I have been lately informed, by the proprietor of The World, that two papers, in which my Dictionary is recommended to the public, were written by your lordship. To be so distinguished is an honour which, being very little accustomed to favours from the great, I know not well how to receive, or in what terms to acknowledge.
      When, upon some slight encouragement, I first visited your lordship, I was overpowered, like the rest of mankind, by the enchantment of your address, and could not forbear to wish that I might boast myself Le vainqueur du vainqueur de la terre;—that I might obtain that regard for which I saw the world contending; but I found my attendance so little encouraged, that neither pride nor modesty would suffer me to continue it. When I had once addressed your Lordship in public, I had exhausted all the art of pleasing which a retired and uncourtly scholar can possess. I had done all that I could; and no man is well pleased to have his all neglected, be it ever so little.
      Seven years, my lord, have now passed, since I waited in your outward rooms, or was repulsed from your door; during which time I have been pushing on my work through difficulties, of which it is useless to complain, and have brought it, at last, to the verge of publication, without one act of assistance, one word of encouragement, or one smile of favour. Such treatment I did not expect, for I never had a patron before.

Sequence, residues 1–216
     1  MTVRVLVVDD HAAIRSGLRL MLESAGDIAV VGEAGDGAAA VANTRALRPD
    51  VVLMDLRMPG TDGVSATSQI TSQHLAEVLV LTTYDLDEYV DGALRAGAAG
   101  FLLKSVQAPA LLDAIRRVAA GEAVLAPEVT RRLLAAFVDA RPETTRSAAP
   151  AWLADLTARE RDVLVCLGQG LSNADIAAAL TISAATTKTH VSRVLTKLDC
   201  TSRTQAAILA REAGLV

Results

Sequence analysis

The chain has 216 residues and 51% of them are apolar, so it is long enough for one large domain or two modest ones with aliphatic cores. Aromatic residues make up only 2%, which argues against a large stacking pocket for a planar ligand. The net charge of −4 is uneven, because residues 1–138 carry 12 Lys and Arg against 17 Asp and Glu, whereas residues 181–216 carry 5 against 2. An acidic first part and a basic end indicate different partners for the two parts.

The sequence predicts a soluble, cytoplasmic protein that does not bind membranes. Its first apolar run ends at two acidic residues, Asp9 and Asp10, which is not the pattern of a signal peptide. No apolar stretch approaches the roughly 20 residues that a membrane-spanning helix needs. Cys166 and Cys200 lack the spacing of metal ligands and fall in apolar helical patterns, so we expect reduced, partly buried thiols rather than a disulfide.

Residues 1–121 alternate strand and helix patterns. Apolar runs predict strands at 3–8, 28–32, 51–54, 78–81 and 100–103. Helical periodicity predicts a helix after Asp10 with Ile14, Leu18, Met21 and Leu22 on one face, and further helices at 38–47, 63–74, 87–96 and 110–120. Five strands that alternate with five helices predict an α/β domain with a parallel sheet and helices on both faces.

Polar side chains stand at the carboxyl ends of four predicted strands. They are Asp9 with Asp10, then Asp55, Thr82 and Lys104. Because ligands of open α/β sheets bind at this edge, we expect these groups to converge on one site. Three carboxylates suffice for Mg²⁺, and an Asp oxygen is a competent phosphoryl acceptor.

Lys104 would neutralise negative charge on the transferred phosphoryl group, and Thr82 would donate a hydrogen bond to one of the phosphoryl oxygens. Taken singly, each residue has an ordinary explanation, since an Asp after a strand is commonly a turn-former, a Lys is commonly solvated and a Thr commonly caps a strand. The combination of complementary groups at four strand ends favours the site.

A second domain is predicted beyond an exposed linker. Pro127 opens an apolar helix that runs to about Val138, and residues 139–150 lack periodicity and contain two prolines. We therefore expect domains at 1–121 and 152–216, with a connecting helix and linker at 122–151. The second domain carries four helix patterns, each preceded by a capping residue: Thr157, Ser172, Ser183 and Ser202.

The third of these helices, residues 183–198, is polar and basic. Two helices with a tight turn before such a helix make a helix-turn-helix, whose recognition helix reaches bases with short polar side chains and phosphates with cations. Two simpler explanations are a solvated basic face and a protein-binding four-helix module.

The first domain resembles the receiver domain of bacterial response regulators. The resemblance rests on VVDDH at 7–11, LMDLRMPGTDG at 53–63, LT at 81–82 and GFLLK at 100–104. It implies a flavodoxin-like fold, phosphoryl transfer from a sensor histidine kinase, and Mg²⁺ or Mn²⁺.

The shepherd in Virgil grew at last acquainted with Love, and found him a native of the rocks.
      Is not a patron my lord, one who looks with unconcern on a man struggling for life in the water, and, when he has reached ground, encumbers him with help? The notice which you have been pleased to take of my labours, had it been early, had been kind; but it has been delayed till I am indifferent, and cannot enjoy it: till I am solitary, and cannot impart it; till I am known, and do not want it. I hope it is no very cynical asperity not to confess obligations where no benefit has been received, or to be unwilling that the public should consider me as owing that to a patron, which providence has enabled me to do for myself.
      Having carried on my work thus far with so little obligation to any favourer of learning, I shall not be disappointed though I should conclude it, if less be possible, with less; for I have been long wakened from that dream of hope, in which I once boasted myself with so much exultation,
      My Lord,
            Your lordship’s most humble,
            most obedient servant,
                  SAM. JOHNSON.